As soon as the new NIE on Iran hit, I thought of the many emails I'd received over the years from former colleague and Reaganite Gordon Prather, on this subject. Prather is an expert in nuclear physics (see his bio below). He was once vividly described by Jude Wanniski as a genius on the level of Einstein, who looked like he'd been raised by wild wolves, and who still plays a mean game of ice hockey.
Gordon's emails were dense with rich information: detailed, complex, provocative, fact-filled, logical -and they often veered from what everybody else in the world was saying.
His conclusions don't sit comfortably with many folks' political beliefs, but his explanatory reporting of technical and policy issues is worthy of close attention. He frequently caught out mainstream media in acts of gross misreporting on the subject -perhaps due to journalists not understanding basics of nuclear physics and IAEA policy when they were reporting. Misreporting on key foreign policy issues then creates something of a societal/institutional false memory as it trickles down to the governmental and NGO level, to think tanks, to pundits, then to individuals who align their minds with the ex cathedra statements of their favorite sources.
For a short take on Prather's views, you can listen to his recent interview with Scott Horton here.
Prather expects that the IAEA's report -due before the end of the year -will state Iran is not pursuing nuclear weapons, and that part of the NIE strategy was to work in an official statement that Iran had previously done so. Prather also believes the IAEA will state that the "stolen laptop," and its reference to the "Green Salt Project," never contained credible evidence of a nuclear weapons program. (Re-entry vehicle vs. nuke warhead.) In this view, most media are missing a large part of the significance of the NIE.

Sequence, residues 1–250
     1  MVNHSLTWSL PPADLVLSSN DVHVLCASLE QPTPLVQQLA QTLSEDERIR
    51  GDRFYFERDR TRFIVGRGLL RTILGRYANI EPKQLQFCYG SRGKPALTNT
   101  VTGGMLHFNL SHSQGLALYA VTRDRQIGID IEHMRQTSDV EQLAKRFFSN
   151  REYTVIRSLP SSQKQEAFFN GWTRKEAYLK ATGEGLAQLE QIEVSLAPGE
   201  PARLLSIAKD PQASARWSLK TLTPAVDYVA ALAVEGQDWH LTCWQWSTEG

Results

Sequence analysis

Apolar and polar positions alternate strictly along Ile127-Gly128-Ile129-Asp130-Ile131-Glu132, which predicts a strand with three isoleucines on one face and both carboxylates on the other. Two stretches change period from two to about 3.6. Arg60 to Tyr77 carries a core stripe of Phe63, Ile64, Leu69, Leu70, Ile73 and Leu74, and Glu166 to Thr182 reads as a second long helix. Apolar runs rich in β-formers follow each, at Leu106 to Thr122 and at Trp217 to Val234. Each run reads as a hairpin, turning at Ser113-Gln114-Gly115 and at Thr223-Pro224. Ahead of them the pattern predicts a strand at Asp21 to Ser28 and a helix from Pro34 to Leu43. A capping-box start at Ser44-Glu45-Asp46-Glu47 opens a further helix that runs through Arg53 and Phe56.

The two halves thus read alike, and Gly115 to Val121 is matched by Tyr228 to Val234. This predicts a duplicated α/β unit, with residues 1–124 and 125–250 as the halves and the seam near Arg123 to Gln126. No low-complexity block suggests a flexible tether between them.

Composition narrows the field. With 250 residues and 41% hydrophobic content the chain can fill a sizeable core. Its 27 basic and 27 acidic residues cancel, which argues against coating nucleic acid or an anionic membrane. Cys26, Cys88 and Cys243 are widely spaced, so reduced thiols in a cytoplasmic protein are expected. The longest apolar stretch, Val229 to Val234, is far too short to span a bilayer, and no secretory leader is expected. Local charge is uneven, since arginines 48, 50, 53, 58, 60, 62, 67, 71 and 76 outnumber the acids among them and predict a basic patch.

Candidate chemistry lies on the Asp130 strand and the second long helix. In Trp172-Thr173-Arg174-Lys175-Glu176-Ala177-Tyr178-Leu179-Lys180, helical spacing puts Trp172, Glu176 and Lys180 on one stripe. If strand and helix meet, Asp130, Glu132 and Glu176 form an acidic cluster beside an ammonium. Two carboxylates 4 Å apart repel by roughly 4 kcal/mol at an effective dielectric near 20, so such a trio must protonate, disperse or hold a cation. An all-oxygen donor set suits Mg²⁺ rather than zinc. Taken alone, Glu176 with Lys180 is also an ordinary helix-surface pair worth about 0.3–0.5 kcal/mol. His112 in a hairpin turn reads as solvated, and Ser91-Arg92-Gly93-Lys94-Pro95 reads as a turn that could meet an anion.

Prather makes a good point regarding the allegations of a secret project to create uranium tetrafluoride really don't make any sense, considering that was allegedly happening at the same time that the operating Ishafon plant could create uranium hexafluoride.
About Gordon Prather:
Physicist James Gordon Prather has served as a policy implementing official for national security-related technical matters in the Federal Energy Agency, the Energy Research and Development Administration, the Department of Energy, the Office of the Secretary of Defense and the Department of the Army. Dr. Prather also served as legislative assistant for national security affairs to U.S. Sen. Henry Bellmon, R-Ok. -- ranking member of the Senate Budget Committee and member of the Senate Energy Committee and Appropriations Committee. Dr. Prather had earlier worked as a nuclear weapons physicist at Lawrence Livermore National Laboratory in California and Sandia National Laboratory in New Mexico.
The NIE is bland, and vague and can be interpreted in a variety of ways. Pundits will busily write absolutist statements though in its wake ("It's all true." "None of it is true."), though none have access to classified intelligence.
And that's a waste of time.